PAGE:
A visit to Grumblethorpe in Germantown.






It's a beautiful autumn day and time to do something spur of the moment. I need to walk in a garden somewhere close and just enjoy the day. I have several choices in Germantown and Chestnut Hill. Penn State Extension has a high tunnel at Grumblethorpe.(click for map) let's go to Germantown. 






Upon arrival, my husbund and I are greeted by volunteer Richard Vogel and Heather Zimmerman who is the manager and has worked with the Penn State Extension Philadelphia Master Gardeners.  We photograph the chickens and hear the story of why they are here. It seems that the school tours gave the volunteers the idea to allow children to see where eggs come from and the types of eggs different chickens lay. No roosters, as they would wake everyone in the neighborhood. Not a good thing.




The garden is ready for winter and the leaves are falling from the many trees especially from the 250 year old ginkgo and over 100 year old crabapple. Moving along the paths we
hear the history of the gardens and what is being planned in the near future. There are beds of flowers, vegetables and a newly started orchard. There is a documented list of plants from the early gardens and it will be used as a reference to restore the flowers beds. The garden's vegetable beds provide for the farmer's market and other venues. Varities of Kale are still actively growing.
Kale and the huge Ginkgo with Richard

















In the rear of the property is the high tunnel ((More information). It is providing the perfect setting for growing vegetables for the farmer's market year round as well as protecting plants in the spring before they are planted. Next to the high tunnel there are bee hives to provide honey and pollination.





Hair Agrometer
Weather Station

A view of the house through the massive ginkgo.





Cornus Mas / Cornelian Cherry Dogwood.
So what did I see today that excited me. The most interesting aspects of the garden for me were the beautiful trees shedding their leaves and showcasing the wonderful bark and structure. The massive ginkgo, the crabapple, maples, virburnum and cherry dogwood all getting ready for a winters sleep. This is the beginning of the winter interest in the garden that I love.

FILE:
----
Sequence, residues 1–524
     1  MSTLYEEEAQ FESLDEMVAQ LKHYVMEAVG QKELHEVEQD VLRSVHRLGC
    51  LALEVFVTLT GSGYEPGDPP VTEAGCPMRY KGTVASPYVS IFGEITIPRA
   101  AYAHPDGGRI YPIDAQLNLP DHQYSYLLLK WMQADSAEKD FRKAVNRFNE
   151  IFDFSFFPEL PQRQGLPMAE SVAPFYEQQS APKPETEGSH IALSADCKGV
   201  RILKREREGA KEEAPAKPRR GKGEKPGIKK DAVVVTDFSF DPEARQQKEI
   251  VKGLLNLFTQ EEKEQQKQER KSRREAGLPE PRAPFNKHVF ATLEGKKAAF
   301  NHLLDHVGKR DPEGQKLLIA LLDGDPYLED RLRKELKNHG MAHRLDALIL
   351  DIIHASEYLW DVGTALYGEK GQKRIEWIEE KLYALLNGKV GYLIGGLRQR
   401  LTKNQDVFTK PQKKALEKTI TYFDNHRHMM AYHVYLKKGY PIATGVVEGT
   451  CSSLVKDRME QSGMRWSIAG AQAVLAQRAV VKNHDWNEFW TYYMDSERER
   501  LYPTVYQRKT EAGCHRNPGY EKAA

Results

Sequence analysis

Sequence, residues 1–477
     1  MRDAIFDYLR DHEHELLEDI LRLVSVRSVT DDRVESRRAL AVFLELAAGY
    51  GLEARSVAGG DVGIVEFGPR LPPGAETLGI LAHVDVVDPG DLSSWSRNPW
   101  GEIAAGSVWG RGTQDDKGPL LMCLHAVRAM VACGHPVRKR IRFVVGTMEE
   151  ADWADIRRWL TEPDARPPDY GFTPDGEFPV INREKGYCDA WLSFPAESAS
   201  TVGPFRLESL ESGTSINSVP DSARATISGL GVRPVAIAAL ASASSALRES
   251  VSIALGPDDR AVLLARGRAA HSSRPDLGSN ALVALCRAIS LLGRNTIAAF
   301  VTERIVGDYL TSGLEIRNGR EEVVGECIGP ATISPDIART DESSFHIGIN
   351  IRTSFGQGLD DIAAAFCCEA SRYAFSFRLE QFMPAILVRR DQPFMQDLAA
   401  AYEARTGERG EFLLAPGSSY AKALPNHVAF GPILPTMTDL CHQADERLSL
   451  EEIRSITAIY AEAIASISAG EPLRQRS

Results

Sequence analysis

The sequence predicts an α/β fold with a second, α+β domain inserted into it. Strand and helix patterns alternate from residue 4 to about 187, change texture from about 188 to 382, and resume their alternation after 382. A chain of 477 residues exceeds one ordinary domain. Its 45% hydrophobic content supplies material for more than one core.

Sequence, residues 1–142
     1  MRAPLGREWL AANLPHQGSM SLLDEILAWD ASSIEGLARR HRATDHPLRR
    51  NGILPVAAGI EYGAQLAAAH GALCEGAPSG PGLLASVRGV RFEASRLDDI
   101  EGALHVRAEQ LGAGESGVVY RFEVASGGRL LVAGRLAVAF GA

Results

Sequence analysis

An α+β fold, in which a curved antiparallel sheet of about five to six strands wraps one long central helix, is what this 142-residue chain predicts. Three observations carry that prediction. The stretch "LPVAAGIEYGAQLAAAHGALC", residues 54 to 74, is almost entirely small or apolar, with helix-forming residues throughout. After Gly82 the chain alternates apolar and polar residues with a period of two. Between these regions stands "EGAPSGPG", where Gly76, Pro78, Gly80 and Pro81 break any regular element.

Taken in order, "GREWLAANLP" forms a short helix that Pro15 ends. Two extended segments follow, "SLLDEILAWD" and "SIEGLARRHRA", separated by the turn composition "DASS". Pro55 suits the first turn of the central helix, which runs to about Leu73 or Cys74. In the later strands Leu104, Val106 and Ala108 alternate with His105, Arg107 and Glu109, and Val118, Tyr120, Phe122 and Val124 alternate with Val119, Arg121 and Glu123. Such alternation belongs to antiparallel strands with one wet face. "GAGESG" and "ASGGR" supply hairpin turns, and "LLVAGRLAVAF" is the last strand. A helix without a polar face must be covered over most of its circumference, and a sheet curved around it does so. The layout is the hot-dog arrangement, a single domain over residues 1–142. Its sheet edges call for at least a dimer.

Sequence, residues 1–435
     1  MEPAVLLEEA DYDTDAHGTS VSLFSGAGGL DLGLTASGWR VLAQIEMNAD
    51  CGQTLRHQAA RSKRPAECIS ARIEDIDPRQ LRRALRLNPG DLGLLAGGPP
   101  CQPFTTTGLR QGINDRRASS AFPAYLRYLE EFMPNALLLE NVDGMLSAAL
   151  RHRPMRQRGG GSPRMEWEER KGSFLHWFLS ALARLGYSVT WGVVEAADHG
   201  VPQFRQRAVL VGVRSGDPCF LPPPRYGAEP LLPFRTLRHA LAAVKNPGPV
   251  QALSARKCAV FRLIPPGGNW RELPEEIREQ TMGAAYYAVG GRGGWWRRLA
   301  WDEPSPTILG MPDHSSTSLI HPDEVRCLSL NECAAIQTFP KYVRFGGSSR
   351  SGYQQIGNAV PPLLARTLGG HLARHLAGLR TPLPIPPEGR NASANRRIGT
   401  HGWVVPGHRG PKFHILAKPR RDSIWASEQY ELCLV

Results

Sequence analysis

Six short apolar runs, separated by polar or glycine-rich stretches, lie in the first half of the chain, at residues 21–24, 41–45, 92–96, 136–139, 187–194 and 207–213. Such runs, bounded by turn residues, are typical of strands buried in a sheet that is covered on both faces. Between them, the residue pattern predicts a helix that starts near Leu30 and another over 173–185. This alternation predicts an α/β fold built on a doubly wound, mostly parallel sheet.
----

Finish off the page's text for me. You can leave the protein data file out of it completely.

Before touring the house, we walk through the kitchen herb garden and find Heather cleaning up for the winter. We talked about the gardens and volunteer opportunities including the school tours and of course, the general gardening chores. 



Friday, October 21, 2011

City garden ------winter interest




The last dragonfly of the summer at my roses.




Viewing my garden in the city from my back door in the dead of winter is often a drab affair. Brown fences and wires running down the alley, morning glory vines someone planted that have taken over the alley, everything in repose for the winter. But wait, I do have life, the cast of a thousand different sparrows, juncos and cardinals at the feeders. Of course, there are pigeons and squirrels trying to raid the feeders. We battle every year and usually they win.

But, the shin tailed hawk 
that appears from Fairmount Park takes care of that problem for awhile. He is beautiful, sitting on the fence in the middle of urban spaces of squared off, fenced 10x15 parcels often looking like receptacles for trash cans and BBQ grills and plastic furniture past it’s prime.


So how do I make this a better viewing area in the winter? What garden bones do I have in place to make my garden have winter interest? The workshop with the Master Gardeners showed plants and trees that bloom in the winter. They also talked about texture and bringing art into the garden to give it my personality.
Let’s see. I have the ivy on the fence that stays green and allows the sparrows a place to dwell in bad weather. There is the potted rhododendron with the yellow star, the metal door mat hanging like a sculpture on the wooden fence and the blue container planted with bulbs for the spring. Since I lost the Acer Griseum 2 years ago the corner is barren and ugly. 
I need to view my garden with a different lens. 
                                                                Think sepia not bold color.  

Next I am going shopping for a small tree to put into the corner. I am looking at maples and crabapples that will give me winter interest.

I found a Japanese Maple (Acer Palmatum) Shigure Bato. Small 10 to 12 feet, colorful red branching, delicate leaves and it fills the corner beautifully. It makes me smile. Now to give the red star to my neighbor and the corner is complete for my interesting winter garden. Irises and tulips in the spring and a wonderful tree in the winter





Monday, October 3, 2011

Freeze Those Herbs


Rosemary
Freezing herbs is a great alternative to drying as it locks in the flavor over a longer period of time and can be done in a variety of ways.


Herbs like dill, rosemary, thyme and sage are best kept on the stalk, placed in a zip lock freezer bag with all the air pushed out. You then snip or break off the amount you need or toss the entire stalk in the pot.


An alternative is drying leaves overnight on the counter on a cookie sheet. Wash and dry the leaves then spread them out onto a cookie sheet, freezing them on the sheet the next day. This prevents the leaves from sticking together and you then can package them to be used straight from the freezer.